Queen Elizabeth I (r.1558-1603) carefully controlled her image and the depictions of it. Many of the portraits that immortalise England’s Good Queen Bess, from Nicholas Hilliard’s ‘Pelican Portrait’ of c.1574 to the ‘Rainbow Portrait’ of c.1602, attributed to Marcus Gheeraerts the Younger, depict the ruler with an almost androgynous, whitened face that is ageless, and virtually identical. This was the point. Elizabeth sought to defy time and the effects of aging in much the same way that she defied contemporary expectations of her sex to rule without major political opposition for almost forty-five years. Painters seem to have adhered to what amounted to a ‘stock’ representation of the Queen.
The perfect, poised and poisoning mask that proclaimed Elizabeth’s determination and physical capability to rule was enhanced by allegorical symbols that were embroidered on her costly garments or held in her hand, from snakes that symbolised wisdom to sieves that represented innocence. The recent discovery by Philip Mould of a three-quarter length portrait that appears to depict Elizabeth as physically awkward and psychologically hesitant monarch is therefore big news. Here, potentially, is an image of the Queen that did not conform to the now-familar archetype and yet managed to escape detection, and destruction, during her lifetime.
The Awkward Elizabeth that confronts us in Mould’s portrait is said to date from 1559, when she was twenty-six years old, and in the first full year of her reign. The evidence that has been used to establish this date has not been shared widely, but my initial response is that this is almost certainly too late, chiefly because of the style of the Queen’s clothing. The Awkward Elizabeth may be arrayed in gold and fur, but her garments would have been unfashionable in the second half of the sixteenth century when she started to rule.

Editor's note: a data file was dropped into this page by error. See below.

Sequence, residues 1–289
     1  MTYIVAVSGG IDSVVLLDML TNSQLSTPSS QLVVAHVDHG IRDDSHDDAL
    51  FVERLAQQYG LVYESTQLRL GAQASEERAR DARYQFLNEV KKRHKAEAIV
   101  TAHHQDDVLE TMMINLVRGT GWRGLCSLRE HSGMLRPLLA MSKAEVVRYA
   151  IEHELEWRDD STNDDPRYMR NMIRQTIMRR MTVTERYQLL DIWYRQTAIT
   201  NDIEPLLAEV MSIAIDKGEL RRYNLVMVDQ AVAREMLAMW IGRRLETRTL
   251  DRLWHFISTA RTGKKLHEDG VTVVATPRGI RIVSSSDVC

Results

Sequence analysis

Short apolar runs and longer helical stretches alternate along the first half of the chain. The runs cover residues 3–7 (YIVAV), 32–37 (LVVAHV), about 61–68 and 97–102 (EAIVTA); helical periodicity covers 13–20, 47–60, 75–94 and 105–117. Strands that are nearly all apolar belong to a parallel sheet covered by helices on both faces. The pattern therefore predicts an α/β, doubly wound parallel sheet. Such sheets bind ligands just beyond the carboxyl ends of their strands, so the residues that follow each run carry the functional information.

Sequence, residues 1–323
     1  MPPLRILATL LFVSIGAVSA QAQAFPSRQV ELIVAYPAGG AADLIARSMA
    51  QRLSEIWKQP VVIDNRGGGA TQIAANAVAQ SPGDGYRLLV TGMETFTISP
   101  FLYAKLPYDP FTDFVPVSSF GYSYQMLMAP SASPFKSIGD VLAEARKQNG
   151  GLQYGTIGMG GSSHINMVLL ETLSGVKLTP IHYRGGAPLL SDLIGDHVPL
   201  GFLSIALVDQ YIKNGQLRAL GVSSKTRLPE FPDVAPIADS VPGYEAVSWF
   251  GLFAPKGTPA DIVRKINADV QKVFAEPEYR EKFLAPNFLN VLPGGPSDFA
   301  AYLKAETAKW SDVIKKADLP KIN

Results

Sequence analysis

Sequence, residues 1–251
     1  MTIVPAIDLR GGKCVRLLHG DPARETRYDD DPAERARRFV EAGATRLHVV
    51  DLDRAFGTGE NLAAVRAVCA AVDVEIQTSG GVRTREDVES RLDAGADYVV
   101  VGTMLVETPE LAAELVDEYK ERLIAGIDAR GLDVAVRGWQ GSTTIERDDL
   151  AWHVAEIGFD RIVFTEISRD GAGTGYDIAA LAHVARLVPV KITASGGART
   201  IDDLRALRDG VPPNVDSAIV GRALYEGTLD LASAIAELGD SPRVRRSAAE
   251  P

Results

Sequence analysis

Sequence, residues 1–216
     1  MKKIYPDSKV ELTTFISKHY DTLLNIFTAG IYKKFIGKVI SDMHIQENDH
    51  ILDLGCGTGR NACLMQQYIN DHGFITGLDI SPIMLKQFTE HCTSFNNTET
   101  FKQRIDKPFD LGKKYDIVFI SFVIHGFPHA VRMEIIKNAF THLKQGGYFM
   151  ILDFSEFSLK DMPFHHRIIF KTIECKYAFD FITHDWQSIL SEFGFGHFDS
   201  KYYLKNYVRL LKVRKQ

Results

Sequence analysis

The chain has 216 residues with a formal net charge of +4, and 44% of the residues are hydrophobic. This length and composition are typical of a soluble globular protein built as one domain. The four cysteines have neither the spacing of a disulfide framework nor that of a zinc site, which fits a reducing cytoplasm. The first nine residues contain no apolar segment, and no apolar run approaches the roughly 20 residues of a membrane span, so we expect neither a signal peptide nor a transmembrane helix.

Awkward Elizabeth appears to be wearing a full-length gown of a gold cloth beneath a black fur mantle. The golden gown is decorated with floriate patterns contained within horizontal bands. These bands continue unbroken beneath the Queen’s left hand, which is positioned over her waist, and suggest there is no separate bodice and skirt. The glimpse of a slim black belt, hanging around the waist from left to right, enhances this impression. This is odd. By the middle of the sixteenth century the kirtle (or skirt) tended to be a separate garment; a bodice was worn above it, over the torso. Moreover, from the c.1540s the proportions of this skirt had increased, due to the farthingale worn underneath. These developments in women’s dress are shown in a portrait of a highly fashionable Princess Elizabeth of c.1546 that is attributed to William Scrots (below). Whilst there is some indication of Awkward Elizabeth’s hips, her skirt seems to have no form of stiffening or shaping structure beneath it. This scenario would be highly unlikely for a lady of status and fashion in the sixteenth century, and not least for Queen Elizabeth whose accounts indicate she was wearing farthingales during the early sixteenth century.